In Clarendon, county officials will gather to celebrate the now-upscale neighborhood’s time in the post-Vietnam War 1970s and 1980s when it was known as “Little Saigon” for its high population of Vietnamese immigrants. At 1:30 p.m., former Little Saigon residents and historians will narrate a tour of the area, displaying historic and still-standing businesses from the era.
The whole event, called Echoes of Little Saigon will run from 1:00 to 3:00 p.m., and will include displays of Vietnamese art and Lemongrass food truck, a frequent Arlington visitor during lunch hours, will provide the country’s cuisine.
Below is a list of the neighborhood day events from other areas of the county, via the Department of Parks and Recreation (all events are on Saturday, May 9).
- Bluemont: Bluemont Park (601 N. Manchester Street), 9:30 a.m.-1:00 p.m. The annual Walk for the Animals fundraiser for the Animal Welfare League of Arlington is back for Neighborhood Day. The 20th anniversary walk has already raised more than $50,000, and this year will include its first “pet festival.” The festival will include vendors, food trucks, photos with pets, adoptable shelter dogs available to play and more.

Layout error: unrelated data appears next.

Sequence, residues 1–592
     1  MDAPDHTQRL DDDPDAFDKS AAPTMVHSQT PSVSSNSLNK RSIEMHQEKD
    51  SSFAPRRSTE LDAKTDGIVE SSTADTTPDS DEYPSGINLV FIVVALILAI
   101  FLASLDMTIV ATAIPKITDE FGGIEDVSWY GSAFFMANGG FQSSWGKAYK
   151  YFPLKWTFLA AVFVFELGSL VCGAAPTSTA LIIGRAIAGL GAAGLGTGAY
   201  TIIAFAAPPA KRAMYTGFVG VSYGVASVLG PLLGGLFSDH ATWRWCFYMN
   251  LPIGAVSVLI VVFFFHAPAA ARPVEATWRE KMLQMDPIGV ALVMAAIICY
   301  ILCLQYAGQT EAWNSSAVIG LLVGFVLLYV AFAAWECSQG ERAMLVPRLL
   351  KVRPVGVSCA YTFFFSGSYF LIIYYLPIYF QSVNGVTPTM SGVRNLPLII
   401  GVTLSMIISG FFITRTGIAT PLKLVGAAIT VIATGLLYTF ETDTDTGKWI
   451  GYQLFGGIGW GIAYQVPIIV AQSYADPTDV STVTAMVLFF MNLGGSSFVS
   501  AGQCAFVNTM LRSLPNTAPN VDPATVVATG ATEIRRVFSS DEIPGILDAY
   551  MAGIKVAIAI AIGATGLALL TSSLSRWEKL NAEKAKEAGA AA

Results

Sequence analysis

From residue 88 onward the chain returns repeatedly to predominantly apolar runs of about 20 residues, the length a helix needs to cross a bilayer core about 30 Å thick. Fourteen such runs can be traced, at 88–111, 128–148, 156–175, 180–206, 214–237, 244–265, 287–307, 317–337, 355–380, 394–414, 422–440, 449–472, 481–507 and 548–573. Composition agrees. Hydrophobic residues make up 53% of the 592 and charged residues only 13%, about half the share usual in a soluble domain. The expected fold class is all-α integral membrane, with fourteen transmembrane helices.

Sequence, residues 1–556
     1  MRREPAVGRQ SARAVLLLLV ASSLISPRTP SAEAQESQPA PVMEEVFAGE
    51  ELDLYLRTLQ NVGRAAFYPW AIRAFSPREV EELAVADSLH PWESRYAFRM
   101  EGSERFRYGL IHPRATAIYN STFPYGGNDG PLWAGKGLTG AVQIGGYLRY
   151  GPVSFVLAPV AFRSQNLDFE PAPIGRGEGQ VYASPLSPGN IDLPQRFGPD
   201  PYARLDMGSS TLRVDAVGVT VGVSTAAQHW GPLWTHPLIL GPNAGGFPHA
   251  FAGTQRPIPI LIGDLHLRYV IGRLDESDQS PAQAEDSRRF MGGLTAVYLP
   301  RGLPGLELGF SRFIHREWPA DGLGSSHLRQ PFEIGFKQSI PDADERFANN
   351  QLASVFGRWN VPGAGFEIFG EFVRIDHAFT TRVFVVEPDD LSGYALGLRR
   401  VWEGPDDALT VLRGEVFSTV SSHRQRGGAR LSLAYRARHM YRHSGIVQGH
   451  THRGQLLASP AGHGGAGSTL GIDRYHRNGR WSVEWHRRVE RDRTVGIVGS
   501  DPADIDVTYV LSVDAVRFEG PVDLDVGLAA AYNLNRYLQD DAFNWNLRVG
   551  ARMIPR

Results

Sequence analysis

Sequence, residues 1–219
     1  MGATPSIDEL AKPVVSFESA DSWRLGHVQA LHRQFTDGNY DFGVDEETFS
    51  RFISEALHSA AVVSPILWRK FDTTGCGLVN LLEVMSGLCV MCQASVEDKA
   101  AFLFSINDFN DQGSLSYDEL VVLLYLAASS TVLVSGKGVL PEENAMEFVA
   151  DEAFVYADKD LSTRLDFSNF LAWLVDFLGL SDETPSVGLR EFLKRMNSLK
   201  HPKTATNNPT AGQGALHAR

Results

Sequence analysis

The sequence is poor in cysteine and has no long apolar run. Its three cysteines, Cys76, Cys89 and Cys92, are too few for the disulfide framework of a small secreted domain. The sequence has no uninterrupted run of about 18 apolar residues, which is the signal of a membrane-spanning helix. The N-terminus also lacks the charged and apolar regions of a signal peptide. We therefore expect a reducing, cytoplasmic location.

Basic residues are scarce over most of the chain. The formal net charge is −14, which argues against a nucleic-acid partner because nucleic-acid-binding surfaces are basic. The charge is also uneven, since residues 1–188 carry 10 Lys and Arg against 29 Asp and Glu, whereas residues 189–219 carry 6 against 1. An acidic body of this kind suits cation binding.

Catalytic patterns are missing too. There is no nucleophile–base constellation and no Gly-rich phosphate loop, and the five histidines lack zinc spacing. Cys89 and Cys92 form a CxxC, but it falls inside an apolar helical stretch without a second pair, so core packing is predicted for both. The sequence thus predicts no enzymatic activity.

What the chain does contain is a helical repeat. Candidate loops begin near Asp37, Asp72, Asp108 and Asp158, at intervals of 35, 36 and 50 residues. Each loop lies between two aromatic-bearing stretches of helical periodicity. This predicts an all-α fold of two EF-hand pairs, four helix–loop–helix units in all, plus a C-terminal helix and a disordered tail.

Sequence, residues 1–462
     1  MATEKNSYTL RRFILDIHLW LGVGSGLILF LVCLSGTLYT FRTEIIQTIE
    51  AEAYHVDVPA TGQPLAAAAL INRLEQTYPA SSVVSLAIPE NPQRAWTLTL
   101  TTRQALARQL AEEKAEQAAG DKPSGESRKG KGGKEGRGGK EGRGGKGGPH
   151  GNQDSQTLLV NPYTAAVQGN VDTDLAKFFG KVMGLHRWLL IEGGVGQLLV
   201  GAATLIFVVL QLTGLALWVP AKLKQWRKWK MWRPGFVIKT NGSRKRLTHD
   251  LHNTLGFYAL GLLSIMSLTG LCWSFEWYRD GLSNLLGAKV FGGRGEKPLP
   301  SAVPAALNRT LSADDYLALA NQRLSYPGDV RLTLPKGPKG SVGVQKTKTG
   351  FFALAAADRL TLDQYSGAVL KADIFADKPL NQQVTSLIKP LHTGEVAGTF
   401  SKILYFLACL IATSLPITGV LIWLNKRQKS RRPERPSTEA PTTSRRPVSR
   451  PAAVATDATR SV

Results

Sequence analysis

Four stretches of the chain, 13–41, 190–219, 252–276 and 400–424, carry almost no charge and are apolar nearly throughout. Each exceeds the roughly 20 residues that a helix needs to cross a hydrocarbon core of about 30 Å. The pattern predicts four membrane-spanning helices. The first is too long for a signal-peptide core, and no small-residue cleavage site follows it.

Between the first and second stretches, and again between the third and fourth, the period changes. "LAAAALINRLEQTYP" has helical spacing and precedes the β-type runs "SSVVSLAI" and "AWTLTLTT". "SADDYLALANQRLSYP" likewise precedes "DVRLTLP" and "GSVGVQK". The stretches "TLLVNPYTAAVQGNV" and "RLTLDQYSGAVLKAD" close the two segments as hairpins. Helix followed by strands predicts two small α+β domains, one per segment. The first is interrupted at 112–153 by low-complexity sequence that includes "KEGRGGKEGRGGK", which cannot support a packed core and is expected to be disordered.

- Westover: Westover Branch Library (1644 N. McKinley Road), 3:00-5:00 p.m. A “family fun afternoon” with activities that include face painting.
- Penrose: Penrose Park (2200 6th Street S), 10:00 a.m.-1:00 p.m. The south Arlington is hosting “Family Fitness day,” holding activities for nutritional and fitness awareness, a moon bounce and fitness classes for all ages.
- Yorktown: Chestnut Hills Park (2807 N. Harrison Street), 11:30 a.m. Celebrate the ribbon-cutting on the renovated playground with neighbors. FitArlington will be on hand promoting its new website and fitness initiative. Children can participate in the free scavenger hunt for prizes.